And then I was referred to Dr. Cartwright,* who reinforced that opinion. Honestly, if Dr. Cartwright hadn’t encouraged me, I probably would have made a great mistake and gone ahead with the surgery. But he reminded me that “Rome wasn’t built in a day,” and, if I was willing to be patient and follow certain procedures, I might be able to beat the thing without surgery.
Getting a hands-on lesson in self-care
The “certain procedure” turned out to be that I would have to catheterize myself three times a day. Dr. Cartwright said that after at least six weeks of giving my prostate and bladder this complete rest, we could see if anything had been accomplished.
I admit it: Self-catheterization seemed to me pretty much like trying to do your own appendectomy. I told the doctor I really didn’t think I could do it. Dr. Cartwright’s Roman history lesson hadn’t quite convinced me, so he tried another tack: “Well, you know, surgery is surgery, and you won’t be the same, no matter what anybody tells you.
There’s a possibility of impotence, you might have retrograde ejaculation, and you might have urinary incontinence.”
That did the trick: I decided I’d try it. But the first time was daunting, to say the least. So I thought I would ease myself into it by going to the emergency ward and letting one of the nurses do it while I watched and learned. Well, I couldn’t watch, and after the deed was done, I proclaimed: “Oh my God, I can’t do this!” To which the nurse replied: “My dad did it for six months, so why can’t you do it? And you’re a doctor!” She was right, of course: Men with no medical training are out there doing this to themselves every day. But at the time, it didn’t seem to make much difference if I was a doctor or a rocket scientist-I was not looking forward to this hands-on approach.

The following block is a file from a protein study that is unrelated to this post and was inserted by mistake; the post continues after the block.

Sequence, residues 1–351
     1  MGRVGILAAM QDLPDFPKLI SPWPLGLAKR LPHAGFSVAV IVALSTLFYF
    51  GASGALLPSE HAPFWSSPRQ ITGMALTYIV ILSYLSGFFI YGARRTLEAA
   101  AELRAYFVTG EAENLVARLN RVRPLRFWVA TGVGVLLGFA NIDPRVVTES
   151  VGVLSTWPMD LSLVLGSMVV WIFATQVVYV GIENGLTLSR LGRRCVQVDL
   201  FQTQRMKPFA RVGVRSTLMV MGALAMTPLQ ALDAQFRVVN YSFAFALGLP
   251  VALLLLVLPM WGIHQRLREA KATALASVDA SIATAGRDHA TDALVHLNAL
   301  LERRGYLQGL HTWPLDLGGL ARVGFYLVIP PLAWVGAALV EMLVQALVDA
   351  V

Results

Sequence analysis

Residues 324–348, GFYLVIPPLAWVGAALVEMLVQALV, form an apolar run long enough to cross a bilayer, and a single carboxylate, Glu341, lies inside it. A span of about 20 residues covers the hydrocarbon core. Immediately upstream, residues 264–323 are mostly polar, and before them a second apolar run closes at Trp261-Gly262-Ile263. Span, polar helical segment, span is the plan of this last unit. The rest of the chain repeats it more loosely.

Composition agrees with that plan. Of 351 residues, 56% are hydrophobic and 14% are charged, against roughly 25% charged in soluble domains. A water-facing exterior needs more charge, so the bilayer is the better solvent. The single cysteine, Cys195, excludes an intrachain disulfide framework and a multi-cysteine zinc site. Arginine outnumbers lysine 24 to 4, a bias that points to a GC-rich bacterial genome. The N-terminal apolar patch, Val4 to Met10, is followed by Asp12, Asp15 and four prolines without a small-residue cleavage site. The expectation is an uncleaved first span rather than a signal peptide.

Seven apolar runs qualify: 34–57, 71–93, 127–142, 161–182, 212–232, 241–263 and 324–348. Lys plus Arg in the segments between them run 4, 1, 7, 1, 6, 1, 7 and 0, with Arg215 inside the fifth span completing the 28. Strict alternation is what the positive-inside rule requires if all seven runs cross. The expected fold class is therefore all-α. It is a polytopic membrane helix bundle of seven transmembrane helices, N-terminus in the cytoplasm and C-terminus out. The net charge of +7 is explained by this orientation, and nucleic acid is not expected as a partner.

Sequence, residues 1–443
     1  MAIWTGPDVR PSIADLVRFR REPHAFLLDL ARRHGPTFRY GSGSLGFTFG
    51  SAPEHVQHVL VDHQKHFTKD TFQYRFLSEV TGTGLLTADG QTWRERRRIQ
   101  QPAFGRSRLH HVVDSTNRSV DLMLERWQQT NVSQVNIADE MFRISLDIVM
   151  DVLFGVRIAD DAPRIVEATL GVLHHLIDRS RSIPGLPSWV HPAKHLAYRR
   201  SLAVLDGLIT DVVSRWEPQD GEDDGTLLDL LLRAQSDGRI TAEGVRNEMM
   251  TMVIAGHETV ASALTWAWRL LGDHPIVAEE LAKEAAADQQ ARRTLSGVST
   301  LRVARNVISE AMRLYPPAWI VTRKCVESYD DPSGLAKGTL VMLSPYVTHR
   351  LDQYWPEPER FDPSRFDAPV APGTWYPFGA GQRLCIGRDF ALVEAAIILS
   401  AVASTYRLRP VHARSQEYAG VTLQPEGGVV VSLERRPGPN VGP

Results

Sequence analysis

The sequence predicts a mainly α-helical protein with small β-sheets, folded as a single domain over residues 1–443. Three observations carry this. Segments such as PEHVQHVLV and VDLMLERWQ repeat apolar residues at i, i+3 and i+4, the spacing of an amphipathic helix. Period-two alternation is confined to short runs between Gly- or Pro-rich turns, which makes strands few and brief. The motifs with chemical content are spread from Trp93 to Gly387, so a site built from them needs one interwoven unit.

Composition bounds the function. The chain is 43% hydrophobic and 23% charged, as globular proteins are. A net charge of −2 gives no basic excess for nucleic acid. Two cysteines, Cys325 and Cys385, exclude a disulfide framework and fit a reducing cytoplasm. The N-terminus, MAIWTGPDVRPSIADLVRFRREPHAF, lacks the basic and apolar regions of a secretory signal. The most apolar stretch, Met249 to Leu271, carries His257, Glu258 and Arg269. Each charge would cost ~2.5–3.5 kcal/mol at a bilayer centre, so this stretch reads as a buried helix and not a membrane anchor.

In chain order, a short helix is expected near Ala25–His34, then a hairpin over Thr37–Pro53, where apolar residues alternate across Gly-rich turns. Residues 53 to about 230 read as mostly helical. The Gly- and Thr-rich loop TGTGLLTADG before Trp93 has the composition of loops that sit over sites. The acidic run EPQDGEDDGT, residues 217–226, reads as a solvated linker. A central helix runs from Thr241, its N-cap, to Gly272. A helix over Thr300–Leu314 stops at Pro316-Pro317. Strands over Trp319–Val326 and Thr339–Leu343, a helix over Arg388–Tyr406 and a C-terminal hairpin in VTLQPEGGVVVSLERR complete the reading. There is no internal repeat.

After the first tense exercise in self-plumbing, I realized it really wasn’t all that bad. It didn’t hurt; it just felt weird.
Within two weeks, my bladder was beginning to get back on track. So I cut back on how often I used the catheter to once every three days. Things continued to improve, and soon the catheter was stored away in a jar of hydrogen peroxide-no more self-plumbing. I am completely well-yeehah!
I feel terrific and am grateful that I found two good urologists that don’t follow the “When in doubt, cut it out” creed. I thank them from the depths of my heart (and loins) for encouraging me to do this self-treatment-including taking the saw palmetto. I actually discontinued using pharmaceuticals because of their side effects, especially fatigue.
Action to take:
Since this course of treatment was so remarkably effective for me, I can’t help but think others might benefit from it as well. If prostate surgery has come up in conversation with your doctor, get a second (or third, or fourth) opinion. Ask about the possibility of taking saw palmetto and using a catheter for as long as necessary. If there’s a way to avoid surgery, I can speak from personal experience when I say that you won’t regret giving it a try. RH